Differences Between HTML and XHTML

Even though this is a CSS reference, we should spend some time talking about HTML and XHTML, because your choice of markup language will affect how CSS is applied in some instances. Moreover, in order to understand the variations in the way CSS is applied to HTML and XHTML, you need to grasp the fundamental differences between the two markup languages.

The most important difference between the two markup languages is that HyperText Markup Language, or HTML, is an application of SGML (Standard Generalized Markup Language),1 and allows an author to omit certain tags and use attribute minimization.2 The Extensible HyperText Markup Language, or XHTML, is an application of XML (Extensible Markup Language).3 It doesn’t permit the omission of any tags or the use of attribute minimization. However, it provides a shorthand notation for empty elements—for example, we could use <br/> instead of <br></br>—which HTML does not. A conforming XML document must be well formed, which, among other things, means that there must be an end tag for every start tag, and that nested tags must be closed in the right order.4 When an XML parser encounters an error relating to the document’s well-formedness, it must abort, whereas an HTML parser is expected to attempt to recover and continue.

There are three areas in which the differences between HTML and XHTML affect our use of CSS:

Note, though, that these differences apply only when an XHTML document is served as an application of XML; that is, with a MIME type of application/xhtml+xml, application/xml, or text/xml. An XHTML document served with a MIME type of text/html must be parsed and interpreted as HTML, so the HTML rules apply in this case. A style sheet written for an XHTML document being served with a MIME type of text/html may not work as intended if the document is then served with a MIME type of application/xhtml+xml. For more information about MIME types, make sure to read MIME Types.

This can be especially important when you’re serving XHTML documents as text/html. Unless you’re aware of the differences, you may create style sheets that won’t work as intended if the document’s served as real XHTML.

Where the terms “XHTML” and “XHTML document” appear in the remainder of this section, they refer to XHTML markup served with an XML MIME type. XHTML markup served as text/html is an HTML document as far as browsers are concerned.


1 More accurately, HTML has been an application of SGML since version 2.0.

2 Attribute minimization is an SGML feature that allows us to omit the attribute name and use only the value; for instance, we could use <input readonly> instead of <input readonly="readonly">.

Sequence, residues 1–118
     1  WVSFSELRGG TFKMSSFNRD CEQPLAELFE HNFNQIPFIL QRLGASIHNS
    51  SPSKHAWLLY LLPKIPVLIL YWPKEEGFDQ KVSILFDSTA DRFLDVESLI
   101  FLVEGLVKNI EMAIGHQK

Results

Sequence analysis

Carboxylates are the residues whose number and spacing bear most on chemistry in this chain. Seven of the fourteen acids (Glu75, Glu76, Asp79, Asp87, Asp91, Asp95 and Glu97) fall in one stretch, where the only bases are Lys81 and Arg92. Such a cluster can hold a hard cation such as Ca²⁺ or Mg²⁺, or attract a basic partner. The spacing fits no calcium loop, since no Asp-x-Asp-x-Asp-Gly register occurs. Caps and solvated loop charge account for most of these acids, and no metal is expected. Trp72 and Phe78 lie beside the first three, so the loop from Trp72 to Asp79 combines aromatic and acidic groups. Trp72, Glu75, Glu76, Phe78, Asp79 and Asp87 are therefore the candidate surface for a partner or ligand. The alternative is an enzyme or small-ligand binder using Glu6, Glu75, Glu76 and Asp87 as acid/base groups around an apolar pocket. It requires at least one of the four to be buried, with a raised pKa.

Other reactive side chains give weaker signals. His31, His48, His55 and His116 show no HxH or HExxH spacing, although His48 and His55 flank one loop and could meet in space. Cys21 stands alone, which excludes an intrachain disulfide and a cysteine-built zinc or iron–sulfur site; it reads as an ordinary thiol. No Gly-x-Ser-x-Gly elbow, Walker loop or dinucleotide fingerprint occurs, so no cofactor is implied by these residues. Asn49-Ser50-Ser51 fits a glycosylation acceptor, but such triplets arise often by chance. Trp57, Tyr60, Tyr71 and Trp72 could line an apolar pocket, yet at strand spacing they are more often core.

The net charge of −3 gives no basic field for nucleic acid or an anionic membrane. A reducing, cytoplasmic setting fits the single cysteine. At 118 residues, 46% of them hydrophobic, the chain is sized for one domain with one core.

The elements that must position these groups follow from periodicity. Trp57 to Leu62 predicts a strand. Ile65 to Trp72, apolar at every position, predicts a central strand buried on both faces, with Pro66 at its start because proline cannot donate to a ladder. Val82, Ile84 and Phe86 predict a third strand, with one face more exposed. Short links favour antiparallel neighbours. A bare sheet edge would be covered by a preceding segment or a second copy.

3 XML is a subset of SGML.

4 An XML document can be well-formed without being valid. Only well-formedness is a formal requirement of XML. (Browsers use non-validating XML parsers, anyway.)

User-contributed notes

by AutisticCuckoo
Tue, 22 Apr 2008 13:15:58 GMT

@DavidHammond: Yes, this is an SGML feature used in HTML and, in a limited form, by XML.

HTML uses one NET (null end tag) separator, the '/' character, that both terminates the start tag and replaces the end tag.

XML uses an extension of SGML and defines two separate separators. The NESTC (NET-enabling start tag close) is '/' and the NET (null end tag) is '>'. The XML specification says that the use of the NET syntax is restricted to empty elements, so '<div/This is an example>' is not allowed, but '<div/>' is.

by DavidHammond
Mon, 04 Feb 2008 16:48:07 GMT

HTML technically *does* allow elements to be expressed in a shorthand form similar to XML. It is valid to express `<div></div>` as `<div//` in HTML, or to express `<br>` as `<br/`. This is called Null End Tag syntax (NET), and is the same type of SGML construct used for XML self-closing tags. However, most web browsers today don't support HTML's NET syntax (if they did, it would actually create problems in all of the XHTML content that's served as text/html). Nevertheless, it is a part of the current HTML standard and the HTML Validator accepts it as valid.

The HTML version of NET syntax is designed for the purpose of shortening `<div>This is an example.</div>` to `<div/This is an example./`. The XML version, however, has a different ending delimiter (`>`) and the "IMMEDNET" constraint which means the ending delimiter must immediately follow the tag closing delimiter, so it always looks like `<div/>`.

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